In this era of ubiquitous Internet access, cell phones, PDAs and other digital technologies, today’s teachers face a time-honored dilemma: students who won’t think in school and who avoid homework will spend all their free time on something recreational yet mentally challenging, especially Massively Multi-Player Online Role-Playing Games (MMORPGs). If we could only find an activity which motivated the kids to work as hard on learning as they do on playing!
The authors of the paper “Computer support for learning mathematics: A learning environment based on recreational learning objects” may be on to something. They describe an “electronic collaborative learning environment” and report on its power to motivate high-school math students.
The environment Lopez-Morteo and Gilberto López have built is essentially a portal populated by “portlets” (portal elements), their word for open-source objects such as Jabber (chat rooms and instant messaging) and email clients. In addition to these familiar objects, there are math objects called “Interactive Instructors of Recreational Mathematics” (IIRM). These include games, simulations and other applications, designed to encourage student involvement through problem solving.
Students log into the system and can customize the appearance and contents of their environments – exactly as users of MySpace or other social networking sites might. The authors describe a specific math object, a memory game built in Java called “ArithMem.”
Having established a full-featured environment, the authors tested its ability to motivate math students. Groups of students logged onto the system, watched a lesson presented by the teacher, and then used the interactive elements of the system (programs, spreadsheets, animations) freely. Students then filled out a survey about their attitudes toward mathematics.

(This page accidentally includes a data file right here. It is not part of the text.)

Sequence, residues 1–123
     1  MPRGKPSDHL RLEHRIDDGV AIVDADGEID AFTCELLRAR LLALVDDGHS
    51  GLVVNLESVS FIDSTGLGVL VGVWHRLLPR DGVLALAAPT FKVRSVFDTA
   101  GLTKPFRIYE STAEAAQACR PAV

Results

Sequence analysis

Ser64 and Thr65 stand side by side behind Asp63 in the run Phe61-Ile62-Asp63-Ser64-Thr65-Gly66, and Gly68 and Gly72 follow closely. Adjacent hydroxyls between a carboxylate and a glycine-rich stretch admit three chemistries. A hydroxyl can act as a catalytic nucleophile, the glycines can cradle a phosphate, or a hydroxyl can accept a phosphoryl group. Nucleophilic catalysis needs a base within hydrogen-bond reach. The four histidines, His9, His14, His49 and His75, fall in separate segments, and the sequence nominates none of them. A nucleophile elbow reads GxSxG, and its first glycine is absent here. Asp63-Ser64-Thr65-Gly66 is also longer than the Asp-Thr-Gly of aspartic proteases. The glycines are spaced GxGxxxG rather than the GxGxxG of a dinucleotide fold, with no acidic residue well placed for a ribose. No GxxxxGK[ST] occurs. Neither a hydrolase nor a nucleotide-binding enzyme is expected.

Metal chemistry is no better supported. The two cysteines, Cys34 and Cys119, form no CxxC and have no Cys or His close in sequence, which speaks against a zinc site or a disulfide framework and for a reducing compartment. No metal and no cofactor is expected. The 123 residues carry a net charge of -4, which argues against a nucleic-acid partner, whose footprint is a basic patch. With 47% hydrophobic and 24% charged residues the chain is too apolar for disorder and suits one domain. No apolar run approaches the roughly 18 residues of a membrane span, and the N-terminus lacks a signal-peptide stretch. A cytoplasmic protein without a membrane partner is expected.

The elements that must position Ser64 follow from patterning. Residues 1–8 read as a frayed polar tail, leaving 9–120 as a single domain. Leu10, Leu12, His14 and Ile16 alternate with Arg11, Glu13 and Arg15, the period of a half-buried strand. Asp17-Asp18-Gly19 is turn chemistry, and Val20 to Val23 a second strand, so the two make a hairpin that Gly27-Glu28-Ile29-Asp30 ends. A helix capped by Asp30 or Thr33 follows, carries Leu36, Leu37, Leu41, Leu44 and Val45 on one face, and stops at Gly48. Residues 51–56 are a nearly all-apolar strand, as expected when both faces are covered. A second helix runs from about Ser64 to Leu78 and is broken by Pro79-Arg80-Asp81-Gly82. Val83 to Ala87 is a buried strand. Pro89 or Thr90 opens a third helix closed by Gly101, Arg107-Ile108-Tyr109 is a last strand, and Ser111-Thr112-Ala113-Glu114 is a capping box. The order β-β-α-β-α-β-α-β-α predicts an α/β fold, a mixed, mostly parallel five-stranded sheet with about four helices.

Although the authors seemed satisfied with the results, I did not see any convincing statistical evidence that the environment served its primary goal: to motivate students to learn math. Rather than overwhelming evidence collected in the survey, the authors provided opinion and a few weak statistics to support this claim, along with anecdotes to back it up. Nevertheless, I would probably use such a system if I had access to a computer lab for a year and a set of classes with which to try it.
1. Lopez-Morteo, G., and López, G. (2004). Computer support for learning mathematics: A learning environment based on recreational learning objects. Computers & Education, 48(4), 618-641.